The intersection of two wide boulevards Ballater Place and Old Rutherglen Road (north west) make a large urban space. To emphasise the corner the proposed six storey building (Building D) has relatively shorter ( 18 m) elevations to each street. Buildings on other sites opposite are also intended to have higher elements to enhance the scale of this place.

In the north east corner the historical disalignment of Sandyfaulds Street and Waddell Street across Old Rutherglen Road gives our site the role of terminating the vista south down Waddell Street all the way up from the River Clyde (and interesting long views from our building back). An eight storey building is proposed at this point to raise the visibility of the Queen Elizabeth Square project from Ballater Street, the river and Glasgow Green as well as up Old Rutherglen Road from the east across the open space.


The rectilinear upper floors overhang the curves of lower floors symmetrically such that the waves of the facades are alternately in advance and behind the upper floors building line on street and garden sides. At the corners the lower parts tend to sweep round the bend while the top floors continue to the site extremities to emphasise the urban block and reduce oversized gaps between it and other buildings.


The brick colour chosen for the building is warm hued cream. The doors and windows are to be paint-finished timber. Those of the lower two floors are combined into double height assemblies on the street side to lend scale to the base of the building and provide a vertical counterpoint to the horizontal emphasis of the brickwork. Balustrades, railings and other ironwork are also to be painted in contrast to the monochrome of the brickwork.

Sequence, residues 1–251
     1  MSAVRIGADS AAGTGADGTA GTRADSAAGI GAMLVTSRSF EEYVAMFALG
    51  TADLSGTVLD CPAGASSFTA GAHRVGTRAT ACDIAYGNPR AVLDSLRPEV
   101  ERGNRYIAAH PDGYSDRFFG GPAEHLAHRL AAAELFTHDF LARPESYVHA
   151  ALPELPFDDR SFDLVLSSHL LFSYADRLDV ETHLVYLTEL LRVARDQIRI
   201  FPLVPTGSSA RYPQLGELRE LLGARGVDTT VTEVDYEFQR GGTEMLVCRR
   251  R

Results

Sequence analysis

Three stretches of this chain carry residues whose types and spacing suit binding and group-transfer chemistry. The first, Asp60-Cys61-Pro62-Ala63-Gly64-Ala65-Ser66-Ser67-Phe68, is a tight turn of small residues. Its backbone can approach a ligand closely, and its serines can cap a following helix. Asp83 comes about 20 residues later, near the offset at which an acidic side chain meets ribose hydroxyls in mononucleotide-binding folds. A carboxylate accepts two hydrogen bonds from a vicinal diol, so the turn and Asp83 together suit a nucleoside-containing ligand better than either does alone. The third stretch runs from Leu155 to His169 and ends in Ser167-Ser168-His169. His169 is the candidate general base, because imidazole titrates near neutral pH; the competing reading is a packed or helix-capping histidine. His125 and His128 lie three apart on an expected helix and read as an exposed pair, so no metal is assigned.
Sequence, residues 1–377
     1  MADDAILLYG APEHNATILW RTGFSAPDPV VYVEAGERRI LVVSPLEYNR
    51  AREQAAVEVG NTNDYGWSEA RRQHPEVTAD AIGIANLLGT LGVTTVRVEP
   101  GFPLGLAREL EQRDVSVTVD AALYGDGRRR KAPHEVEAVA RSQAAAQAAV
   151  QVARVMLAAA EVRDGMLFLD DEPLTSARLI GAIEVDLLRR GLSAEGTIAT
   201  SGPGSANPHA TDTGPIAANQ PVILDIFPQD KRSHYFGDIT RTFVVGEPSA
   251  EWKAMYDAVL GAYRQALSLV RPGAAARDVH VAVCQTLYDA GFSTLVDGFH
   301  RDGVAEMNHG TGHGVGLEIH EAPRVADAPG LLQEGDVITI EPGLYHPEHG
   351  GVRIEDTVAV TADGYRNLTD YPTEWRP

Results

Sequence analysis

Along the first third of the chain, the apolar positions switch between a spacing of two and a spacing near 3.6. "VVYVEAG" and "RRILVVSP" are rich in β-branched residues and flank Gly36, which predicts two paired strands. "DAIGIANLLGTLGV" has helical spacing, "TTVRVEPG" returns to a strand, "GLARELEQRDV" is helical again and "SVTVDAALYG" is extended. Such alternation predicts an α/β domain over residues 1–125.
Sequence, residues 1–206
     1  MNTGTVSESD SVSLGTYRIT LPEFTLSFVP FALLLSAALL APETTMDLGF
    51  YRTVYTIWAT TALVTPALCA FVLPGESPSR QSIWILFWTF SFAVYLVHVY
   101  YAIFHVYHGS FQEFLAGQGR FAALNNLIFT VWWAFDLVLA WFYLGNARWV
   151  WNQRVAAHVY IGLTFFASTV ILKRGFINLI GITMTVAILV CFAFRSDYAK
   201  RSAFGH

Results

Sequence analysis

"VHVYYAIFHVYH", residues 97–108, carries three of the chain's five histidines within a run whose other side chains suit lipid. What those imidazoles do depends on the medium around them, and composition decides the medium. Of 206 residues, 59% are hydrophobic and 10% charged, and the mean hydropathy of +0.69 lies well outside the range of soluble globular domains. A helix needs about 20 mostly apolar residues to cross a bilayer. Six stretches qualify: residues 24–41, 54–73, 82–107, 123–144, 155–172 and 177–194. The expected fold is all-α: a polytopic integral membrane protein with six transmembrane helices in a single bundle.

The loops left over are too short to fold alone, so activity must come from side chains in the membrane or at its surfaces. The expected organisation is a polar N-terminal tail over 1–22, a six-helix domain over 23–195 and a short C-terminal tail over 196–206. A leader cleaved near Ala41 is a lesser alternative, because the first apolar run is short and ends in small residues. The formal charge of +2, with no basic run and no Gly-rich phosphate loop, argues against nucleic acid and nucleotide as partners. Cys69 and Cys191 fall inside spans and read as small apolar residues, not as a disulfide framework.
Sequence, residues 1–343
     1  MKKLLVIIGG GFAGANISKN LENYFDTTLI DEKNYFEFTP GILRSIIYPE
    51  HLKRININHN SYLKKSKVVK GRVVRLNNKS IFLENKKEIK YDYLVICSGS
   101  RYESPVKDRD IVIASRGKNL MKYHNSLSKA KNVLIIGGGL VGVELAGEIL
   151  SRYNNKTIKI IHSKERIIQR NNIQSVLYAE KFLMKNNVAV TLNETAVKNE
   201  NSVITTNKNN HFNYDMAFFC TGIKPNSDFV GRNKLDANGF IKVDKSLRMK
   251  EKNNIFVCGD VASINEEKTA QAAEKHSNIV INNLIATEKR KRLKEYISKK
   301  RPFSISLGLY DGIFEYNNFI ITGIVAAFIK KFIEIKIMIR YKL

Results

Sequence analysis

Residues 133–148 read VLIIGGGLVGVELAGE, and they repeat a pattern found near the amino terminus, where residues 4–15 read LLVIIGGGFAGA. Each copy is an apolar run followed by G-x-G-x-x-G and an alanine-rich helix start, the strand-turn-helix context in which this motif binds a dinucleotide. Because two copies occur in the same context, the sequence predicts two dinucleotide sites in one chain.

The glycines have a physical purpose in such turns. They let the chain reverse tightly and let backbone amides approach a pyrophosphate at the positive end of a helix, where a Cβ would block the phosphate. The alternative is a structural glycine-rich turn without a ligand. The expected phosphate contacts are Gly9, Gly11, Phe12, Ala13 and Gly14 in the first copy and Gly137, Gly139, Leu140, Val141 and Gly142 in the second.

The upper parts of corner buildings D, H, & J all cantilever to varying degrees beyond the curved wall of the ground and first floors to emphasise the continuation of the street block (as above). That of Building B however is additionally supported by two inverted pyramids of steel structure which are externally finished in opaque toughened glass set on concrete bases. These glass forms will be back lit at night to form dramatic street beacons.

The vaulted segmentally curved roofs, which provide exciting internal spaces, are finished externally in raised seam pre-colour coated steel with matching coloured soffits.


A typical four-storey building is 24 m wide and consists of four maisonettes on ground and first floors with 3 No flats on second floor and 3 No duplex penthouses at third and fourth floors.


Each maisonette has its own street front door, set back from the pavement behind a railing and planting area. The ground level has a through space with living, dining and kitchen areas. The kitchen window overlooks the street, the living room has large French windows leading to a private garden. A feature of the design is the sliding wall panels that can divide the dining and living areas to choice. The front hallway gives access to a mobility standard lavatory and the stairs to the first floor. Upstairs are three bedrooms and two bathrooms (one an en suite shower room).


The front door to the close is in the outward curving centre of the building flanked by the bin store doors to form a timber screen. The close leads through to the shared garden to allow access for all upper floor residents. The stairs are on the street side of the building.